Diabesity: a growing problem
The rapid increase in the prevalence of obesity, type-2 diabetes and associated complications (diabesity) is a major global health problem. In Europe alone, approximately 33 million adults will be suffering from diabetes by 2010, and obesity, which is a major recognised risk factor for type-2 diabetes, is itself rapidly increasing in prevalence resulting in a diabesity epidemic. The current cost of type-2 diabetes in the European Union is 15 billion Euros per year, and medical complications arising from diabetes account for up to 8% of total health costs in Europe. For most people, neither dieting nor current pharmacological interventions are effective in achieving long-term weight reduction. Thus to prevent and treat diabesity we must develop approaches to modulate the ways in which the brain controls metabolism, body weight and composition.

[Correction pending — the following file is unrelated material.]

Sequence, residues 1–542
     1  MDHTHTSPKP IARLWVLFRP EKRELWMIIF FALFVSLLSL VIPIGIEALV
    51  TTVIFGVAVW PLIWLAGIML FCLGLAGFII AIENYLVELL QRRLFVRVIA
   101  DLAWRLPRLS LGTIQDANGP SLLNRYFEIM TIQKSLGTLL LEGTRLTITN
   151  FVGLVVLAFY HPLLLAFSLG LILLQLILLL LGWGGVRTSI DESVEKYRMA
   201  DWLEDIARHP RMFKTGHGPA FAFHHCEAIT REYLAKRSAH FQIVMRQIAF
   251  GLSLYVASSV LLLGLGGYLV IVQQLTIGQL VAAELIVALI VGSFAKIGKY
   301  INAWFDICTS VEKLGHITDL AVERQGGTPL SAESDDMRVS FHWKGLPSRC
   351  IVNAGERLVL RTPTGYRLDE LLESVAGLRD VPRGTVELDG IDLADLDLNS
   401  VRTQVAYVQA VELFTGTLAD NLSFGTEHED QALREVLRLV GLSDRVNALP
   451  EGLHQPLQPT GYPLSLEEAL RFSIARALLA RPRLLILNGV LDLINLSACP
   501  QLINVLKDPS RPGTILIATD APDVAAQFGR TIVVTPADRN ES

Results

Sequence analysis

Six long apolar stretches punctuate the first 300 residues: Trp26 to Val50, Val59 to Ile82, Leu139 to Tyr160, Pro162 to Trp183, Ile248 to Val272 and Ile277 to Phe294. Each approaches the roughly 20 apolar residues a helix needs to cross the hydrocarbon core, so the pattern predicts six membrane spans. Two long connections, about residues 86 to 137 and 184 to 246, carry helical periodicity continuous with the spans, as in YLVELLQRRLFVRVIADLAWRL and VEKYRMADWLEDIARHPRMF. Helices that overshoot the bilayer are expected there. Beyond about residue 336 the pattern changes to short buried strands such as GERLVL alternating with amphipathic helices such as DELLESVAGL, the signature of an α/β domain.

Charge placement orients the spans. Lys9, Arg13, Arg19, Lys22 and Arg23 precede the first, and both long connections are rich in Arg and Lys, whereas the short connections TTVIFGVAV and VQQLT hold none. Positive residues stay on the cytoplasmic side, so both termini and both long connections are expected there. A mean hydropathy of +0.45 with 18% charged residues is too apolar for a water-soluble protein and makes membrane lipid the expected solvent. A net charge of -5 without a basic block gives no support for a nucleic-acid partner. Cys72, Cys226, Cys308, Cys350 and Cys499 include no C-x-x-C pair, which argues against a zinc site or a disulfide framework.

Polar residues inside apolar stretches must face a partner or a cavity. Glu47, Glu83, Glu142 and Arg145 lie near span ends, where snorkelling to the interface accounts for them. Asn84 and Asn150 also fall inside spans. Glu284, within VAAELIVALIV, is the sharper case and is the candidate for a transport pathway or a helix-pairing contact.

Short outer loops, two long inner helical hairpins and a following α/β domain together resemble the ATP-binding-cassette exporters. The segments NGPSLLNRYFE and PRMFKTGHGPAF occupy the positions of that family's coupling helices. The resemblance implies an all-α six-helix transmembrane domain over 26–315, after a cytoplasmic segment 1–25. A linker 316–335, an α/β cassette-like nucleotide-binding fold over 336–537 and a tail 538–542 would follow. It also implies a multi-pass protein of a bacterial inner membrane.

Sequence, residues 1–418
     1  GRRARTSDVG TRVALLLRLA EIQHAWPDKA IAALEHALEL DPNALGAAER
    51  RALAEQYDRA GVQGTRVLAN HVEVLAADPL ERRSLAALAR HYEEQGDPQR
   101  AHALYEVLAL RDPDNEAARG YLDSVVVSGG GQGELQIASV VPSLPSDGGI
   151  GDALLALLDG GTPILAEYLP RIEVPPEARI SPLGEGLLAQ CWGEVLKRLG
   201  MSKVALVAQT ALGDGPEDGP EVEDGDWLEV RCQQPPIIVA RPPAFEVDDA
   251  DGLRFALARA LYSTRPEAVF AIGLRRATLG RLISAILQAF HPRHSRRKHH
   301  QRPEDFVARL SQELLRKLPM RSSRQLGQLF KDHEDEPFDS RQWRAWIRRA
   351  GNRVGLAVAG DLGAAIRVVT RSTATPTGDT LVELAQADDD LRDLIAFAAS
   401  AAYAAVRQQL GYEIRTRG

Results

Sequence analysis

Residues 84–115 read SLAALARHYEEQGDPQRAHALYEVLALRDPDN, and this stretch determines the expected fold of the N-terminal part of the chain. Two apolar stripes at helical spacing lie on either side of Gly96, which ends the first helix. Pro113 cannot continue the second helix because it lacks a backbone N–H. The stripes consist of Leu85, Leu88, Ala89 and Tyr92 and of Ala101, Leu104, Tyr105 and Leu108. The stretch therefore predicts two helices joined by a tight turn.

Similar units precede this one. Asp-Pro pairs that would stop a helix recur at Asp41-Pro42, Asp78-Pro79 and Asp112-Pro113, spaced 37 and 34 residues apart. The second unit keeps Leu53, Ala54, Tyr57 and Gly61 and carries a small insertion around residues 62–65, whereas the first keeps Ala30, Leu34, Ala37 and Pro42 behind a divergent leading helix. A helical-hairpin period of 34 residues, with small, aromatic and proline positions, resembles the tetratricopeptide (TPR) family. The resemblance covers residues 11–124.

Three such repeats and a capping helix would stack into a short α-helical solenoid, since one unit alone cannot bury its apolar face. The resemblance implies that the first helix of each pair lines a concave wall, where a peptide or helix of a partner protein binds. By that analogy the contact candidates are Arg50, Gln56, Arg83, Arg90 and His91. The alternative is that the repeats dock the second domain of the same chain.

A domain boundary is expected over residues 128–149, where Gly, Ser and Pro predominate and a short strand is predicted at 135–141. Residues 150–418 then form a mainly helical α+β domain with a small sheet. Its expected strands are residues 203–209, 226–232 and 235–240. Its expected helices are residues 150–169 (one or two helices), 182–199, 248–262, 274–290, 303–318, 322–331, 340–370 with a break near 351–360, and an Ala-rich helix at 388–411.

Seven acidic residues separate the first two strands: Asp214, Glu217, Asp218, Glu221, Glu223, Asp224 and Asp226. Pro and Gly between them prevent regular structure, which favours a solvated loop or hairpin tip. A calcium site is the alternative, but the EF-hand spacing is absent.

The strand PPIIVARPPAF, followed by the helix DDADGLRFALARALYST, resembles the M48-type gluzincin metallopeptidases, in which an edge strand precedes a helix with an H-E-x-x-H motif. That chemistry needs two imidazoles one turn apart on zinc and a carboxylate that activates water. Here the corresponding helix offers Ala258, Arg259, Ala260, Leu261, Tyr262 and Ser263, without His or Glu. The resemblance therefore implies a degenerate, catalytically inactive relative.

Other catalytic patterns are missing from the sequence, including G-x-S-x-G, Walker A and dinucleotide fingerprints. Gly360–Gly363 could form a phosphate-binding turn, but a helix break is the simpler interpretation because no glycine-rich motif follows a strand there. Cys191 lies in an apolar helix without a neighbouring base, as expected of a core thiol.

Diabesity: towards a solution
DIABESITY was a European Union Framework Programme VI Integrated Project (LSHM-CT2003-503041) which ran for 4 years 2004-2008 involving a consortium of 27 partners from 24 European Institutions, coordinated by The University of Gothenburg, Sweden. The DIABESITY project brought together basic and clinical scientists and aimed to identify new genes implicated in obesity and to develop strategies for validating these genes as targets for future pharmacological manipulation. The project studied how these genes interact with hypothalamic pathways that regulate appetite and metabolism and used multiple approaches to establish the functional role of genes in regulating metabolism, body weight and composition. Using this approach the project aimed to identify several new drug targets for the treatment and prevention of diabesity.